Image data from either a host or a camera are typically streamed to the graphics controller in a raster scan order, and are stored in an internal memory in the graphics controller in the same order. Thereafter, one or more “display pipes” transmit image data to the display device, particularly by fetching image data stored in the internal memory and writing the data to an internal interface with the display device. The data are fetched and written through the display pipes in the same raster scan order in which the data were stored.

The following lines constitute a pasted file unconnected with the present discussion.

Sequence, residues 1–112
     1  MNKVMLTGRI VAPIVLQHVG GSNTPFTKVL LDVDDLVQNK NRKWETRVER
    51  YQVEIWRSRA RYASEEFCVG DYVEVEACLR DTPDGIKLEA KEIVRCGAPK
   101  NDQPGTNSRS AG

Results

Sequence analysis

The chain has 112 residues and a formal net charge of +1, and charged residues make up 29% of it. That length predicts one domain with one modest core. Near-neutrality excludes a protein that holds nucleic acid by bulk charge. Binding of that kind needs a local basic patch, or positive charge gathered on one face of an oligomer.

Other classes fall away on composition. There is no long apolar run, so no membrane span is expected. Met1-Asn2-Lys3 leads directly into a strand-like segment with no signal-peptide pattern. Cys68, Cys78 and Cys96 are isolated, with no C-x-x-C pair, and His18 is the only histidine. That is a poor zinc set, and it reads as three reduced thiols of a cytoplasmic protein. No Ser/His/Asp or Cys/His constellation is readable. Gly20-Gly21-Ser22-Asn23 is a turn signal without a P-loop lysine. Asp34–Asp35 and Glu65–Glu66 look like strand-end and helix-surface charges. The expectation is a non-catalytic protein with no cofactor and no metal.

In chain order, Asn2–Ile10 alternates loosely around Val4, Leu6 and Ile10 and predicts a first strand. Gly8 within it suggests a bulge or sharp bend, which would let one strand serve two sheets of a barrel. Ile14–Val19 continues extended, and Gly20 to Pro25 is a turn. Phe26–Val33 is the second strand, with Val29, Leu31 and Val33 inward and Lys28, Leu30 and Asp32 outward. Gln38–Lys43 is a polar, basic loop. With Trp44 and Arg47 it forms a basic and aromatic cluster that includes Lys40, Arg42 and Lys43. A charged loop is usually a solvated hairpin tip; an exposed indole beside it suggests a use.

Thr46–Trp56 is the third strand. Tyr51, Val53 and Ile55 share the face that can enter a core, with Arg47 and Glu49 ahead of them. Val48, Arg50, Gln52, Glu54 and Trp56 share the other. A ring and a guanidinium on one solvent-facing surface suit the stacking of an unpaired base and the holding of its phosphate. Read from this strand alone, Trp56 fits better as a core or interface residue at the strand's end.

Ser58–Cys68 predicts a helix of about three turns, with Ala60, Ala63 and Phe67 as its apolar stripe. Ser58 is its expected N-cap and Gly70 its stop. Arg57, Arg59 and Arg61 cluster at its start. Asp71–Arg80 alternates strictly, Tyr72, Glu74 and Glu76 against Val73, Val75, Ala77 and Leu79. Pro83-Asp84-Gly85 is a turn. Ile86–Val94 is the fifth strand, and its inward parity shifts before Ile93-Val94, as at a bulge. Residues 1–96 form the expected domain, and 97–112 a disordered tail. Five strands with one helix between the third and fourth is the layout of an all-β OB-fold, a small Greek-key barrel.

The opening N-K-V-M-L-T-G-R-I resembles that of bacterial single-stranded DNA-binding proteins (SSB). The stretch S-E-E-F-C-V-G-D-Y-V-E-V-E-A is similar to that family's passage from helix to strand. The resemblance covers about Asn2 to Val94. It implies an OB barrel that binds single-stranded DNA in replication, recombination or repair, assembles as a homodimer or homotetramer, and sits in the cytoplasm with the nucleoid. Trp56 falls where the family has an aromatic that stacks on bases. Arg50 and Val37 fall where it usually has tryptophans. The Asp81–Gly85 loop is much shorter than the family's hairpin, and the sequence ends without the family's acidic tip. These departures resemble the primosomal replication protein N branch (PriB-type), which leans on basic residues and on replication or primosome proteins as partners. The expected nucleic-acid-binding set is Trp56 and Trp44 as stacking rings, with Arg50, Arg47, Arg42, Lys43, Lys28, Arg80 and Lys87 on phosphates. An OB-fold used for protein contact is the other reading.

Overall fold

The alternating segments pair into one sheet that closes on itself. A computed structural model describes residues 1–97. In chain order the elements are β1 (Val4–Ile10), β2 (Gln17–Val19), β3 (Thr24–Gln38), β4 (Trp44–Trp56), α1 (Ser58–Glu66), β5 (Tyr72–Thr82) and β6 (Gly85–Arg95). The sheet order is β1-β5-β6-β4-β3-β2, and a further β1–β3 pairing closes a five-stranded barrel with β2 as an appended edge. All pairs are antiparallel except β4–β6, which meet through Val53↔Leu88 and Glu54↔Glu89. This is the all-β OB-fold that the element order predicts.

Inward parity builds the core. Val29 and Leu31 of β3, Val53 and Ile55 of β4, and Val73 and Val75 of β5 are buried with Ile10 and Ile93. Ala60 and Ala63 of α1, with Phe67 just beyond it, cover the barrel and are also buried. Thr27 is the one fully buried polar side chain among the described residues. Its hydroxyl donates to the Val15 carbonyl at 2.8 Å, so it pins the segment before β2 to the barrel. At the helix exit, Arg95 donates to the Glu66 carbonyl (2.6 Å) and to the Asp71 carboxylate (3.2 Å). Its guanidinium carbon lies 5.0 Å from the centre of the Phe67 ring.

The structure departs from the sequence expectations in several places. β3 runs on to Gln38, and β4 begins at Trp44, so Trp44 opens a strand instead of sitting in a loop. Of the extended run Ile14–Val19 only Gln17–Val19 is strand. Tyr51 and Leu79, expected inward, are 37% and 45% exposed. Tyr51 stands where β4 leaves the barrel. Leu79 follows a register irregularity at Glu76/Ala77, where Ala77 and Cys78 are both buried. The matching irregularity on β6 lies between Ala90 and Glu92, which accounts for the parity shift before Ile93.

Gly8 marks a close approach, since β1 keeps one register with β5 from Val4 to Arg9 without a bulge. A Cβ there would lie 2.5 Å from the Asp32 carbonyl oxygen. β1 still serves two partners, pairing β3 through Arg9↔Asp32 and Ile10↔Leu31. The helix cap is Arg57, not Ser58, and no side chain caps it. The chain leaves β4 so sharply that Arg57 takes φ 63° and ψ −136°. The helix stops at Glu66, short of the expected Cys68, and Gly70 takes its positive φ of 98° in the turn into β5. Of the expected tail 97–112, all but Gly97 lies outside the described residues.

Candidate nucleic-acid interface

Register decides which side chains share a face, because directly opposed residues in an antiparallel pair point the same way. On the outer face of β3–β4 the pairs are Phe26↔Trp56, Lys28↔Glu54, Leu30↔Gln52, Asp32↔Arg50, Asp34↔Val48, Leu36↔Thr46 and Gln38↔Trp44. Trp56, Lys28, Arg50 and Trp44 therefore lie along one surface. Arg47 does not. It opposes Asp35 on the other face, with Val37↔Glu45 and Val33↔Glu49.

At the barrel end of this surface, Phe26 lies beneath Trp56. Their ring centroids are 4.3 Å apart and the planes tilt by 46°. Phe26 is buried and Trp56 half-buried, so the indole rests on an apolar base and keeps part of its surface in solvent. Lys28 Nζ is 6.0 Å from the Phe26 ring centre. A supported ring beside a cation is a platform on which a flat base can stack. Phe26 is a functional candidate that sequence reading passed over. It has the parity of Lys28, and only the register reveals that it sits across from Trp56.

Mobile telephones are increasingly being provided with multiple display panels. Where the display device includes two panels, typically one of the panels displays image data from a first provider of image data, while the other panel displays image data from a second provider of image data. For example, the camera typically produces a “snapshot” image which is displayed on one panel, while the host typically provides a graphics image, e.g., a host created menu of options for operating the mobile telephone. In mobile telephones with two displays configured in this manner, typically one portion of the internal memory is partitioned as a frame buffer for storing frames of image data received from one source of image data and corresponding to one image, and another portion of the internal memory is partitioned as a frame buffer for storing separate frames of image data received from another source of image data and corresponding to a different image.